Tag Archives: book reviews
Sex and the Bible. Wow. It is a topic that most Christians shy away from, yet every single person has an opinion. The book ‘Unprotected Texts’ by Jennifer Wright Knust dares to go where most Christians will not. I was excited to read it, and a bit terrified to review it. I could almost hear the angry comments from numerous Christians out there wanting to know how I could read, and also write about a topic like this.
I was intrigued by ‘Evolving in Monkey Town’ the minute I unwrapped it from its travel envelope. What caught my attention was that the front cover talks about a girl (first-time author and friend of this site Rachel Held Evans) who learned to “ask the questions.” See, I don’t question out loud. I have them, and while they fly through my head every single day, I just care too much about what others will think of me, so these pesky questions remain inside my head, unanswered. The idea of learning to ask “the” questions, no matter what “the” might be, was very interesting indeed.
So I think I missed the bandwagon and am therefore not privy to the cutting edge of being hip, because I am just now reading Donald Miller’s book ‘A Million Miles in a Thousand Years.’ If you are a Christian and want to be considered cool and thoughtful, you were supposed to read this book at least three weeks before it was released. That’s the rumor, anyway. Well it’s been out for a while now, but that’s okay because I’m not feeling very cool these days. For example, I just tried Wilco’s ‘Hotel Yankee Foxtrot’ some 8 years after the universal acclaim happened and I’m somewhat indifferent to the album. As for Miller’s book, it was given to my wife by a good friend of ours. After my wife’s glowing review, I’m into it now and it’s got me thinking.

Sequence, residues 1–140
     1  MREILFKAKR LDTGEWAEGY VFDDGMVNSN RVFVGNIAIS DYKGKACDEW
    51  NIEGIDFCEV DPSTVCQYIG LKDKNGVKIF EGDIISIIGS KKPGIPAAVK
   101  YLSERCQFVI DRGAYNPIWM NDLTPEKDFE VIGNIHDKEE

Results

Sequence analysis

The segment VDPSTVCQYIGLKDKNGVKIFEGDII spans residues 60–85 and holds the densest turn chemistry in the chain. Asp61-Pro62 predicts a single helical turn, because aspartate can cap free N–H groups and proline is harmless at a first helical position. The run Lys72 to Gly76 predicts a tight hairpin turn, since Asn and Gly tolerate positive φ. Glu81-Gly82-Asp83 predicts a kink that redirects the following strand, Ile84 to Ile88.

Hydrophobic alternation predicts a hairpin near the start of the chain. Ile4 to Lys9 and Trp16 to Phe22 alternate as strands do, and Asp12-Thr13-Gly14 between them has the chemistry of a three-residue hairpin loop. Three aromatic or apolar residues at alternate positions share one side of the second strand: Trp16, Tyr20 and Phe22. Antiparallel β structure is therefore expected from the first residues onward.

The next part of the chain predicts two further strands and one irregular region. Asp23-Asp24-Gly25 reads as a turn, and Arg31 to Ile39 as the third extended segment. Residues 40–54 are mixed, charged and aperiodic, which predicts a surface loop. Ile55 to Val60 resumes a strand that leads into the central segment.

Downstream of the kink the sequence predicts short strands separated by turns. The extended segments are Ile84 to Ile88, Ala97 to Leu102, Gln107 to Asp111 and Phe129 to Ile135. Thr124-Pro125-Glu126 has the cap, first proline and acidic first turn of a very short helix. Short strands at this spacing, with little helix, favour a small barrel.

An example of the church not being the church.
When an e-mail came through requesting that The Broken Telegraph review the book ‘If the Church Were Christian’ by Philip Gulley, I was excited. Although the offer had been made to all three of us here, I really hoped that the privilege would be mine. “What IF the church were Christian?” This is a question that I have asked myself and others for many years; a question that I have struggled to answer. When it was decided that I would be the one to read and review this book, I anticipated that it might provide some insight to the unanswered question. What I received from ‘If the Church Were Christian’ was so much more.
Photo credit: FailBlog.org
I am interested in people who have achieved great things, but not on their own terms, and in a field that was never their original intent. I’m sure you’ve read about examples of this. Devastating failure often precedes greatness for those brave enough to change the course of their life. I’ve read some heroic examples of this recently and it’s got me thinking.
I just finished reading the newly released ‘Mission Accomplished! Or How We Won The War In Iraq.’ Many remember the President’s infamous visit to the aircraft carrier in May of 2003, where he emerged from a S-3B Viking aircraft wearing a flight suit and later gave a ”victory” speech that was premature to say the least. The title of the book borrows from the huge banner that hung behind the President as he spoke to the cameras on that day- only this time it’s meant to be tongue in cheek. It’s a quick read and a pretty devastating one, too.
“Our mission is clear in Iraq. Should we have to go in, our mission is very clear: disarmament.” -George W. Bush, March 6, 2003
‘Mission Accomplished’ works so well because it is really just a compilation of quotes- about Iraq and related matters- spoken by everyone from the hawks at the top of the Bush Administration to the trumpeters in the media. The authors (Christopher Cerf and Victor S. Navasky along with illustrator Robert Grossman) frequently interrupt the rhetoric with factual rebuttals and clever sketches, but they mostly let the politicians and pundits hang themselves by their own words.
“Our forces have been given a clear mission: to end a regime that threatened its neighbors and the world with weapons of mass destruction and to free a people that have suffered far too long.” -George W. Bush, April 14, 2003
These two guys did a massive amount of research, and I want to share a bit of it with you in hopes that you’ll share your thoughts with me. First, a look back at the stated mission in Iraq (keeping in mind the previous two quotes):